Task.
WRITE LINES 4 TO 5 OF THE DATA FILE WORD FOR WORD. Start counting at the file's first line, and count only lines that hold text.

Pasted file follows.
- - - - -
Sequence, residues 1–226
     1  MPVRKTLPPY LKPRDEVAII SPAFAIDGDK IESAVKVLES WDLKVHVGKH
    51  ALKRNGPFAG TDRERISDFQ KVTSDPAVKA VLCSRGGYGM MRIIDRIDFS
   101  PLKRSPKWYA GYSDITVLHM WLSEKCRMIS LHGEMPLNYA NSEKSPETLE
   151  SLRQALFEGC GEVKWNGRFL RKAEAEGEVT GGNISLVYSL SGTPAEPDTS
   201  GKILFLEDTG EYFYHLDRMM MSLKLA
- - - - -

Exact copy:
   101  PLKRSPKWYA GYSDITVLHM WLSEKCRMIS LHGEMPLNYA NSEKSPETLE
   151  SLRQALFEGC GEVKWNGRFL RKAEAEGEVT GGNISLVYSL SGTPAEPDTS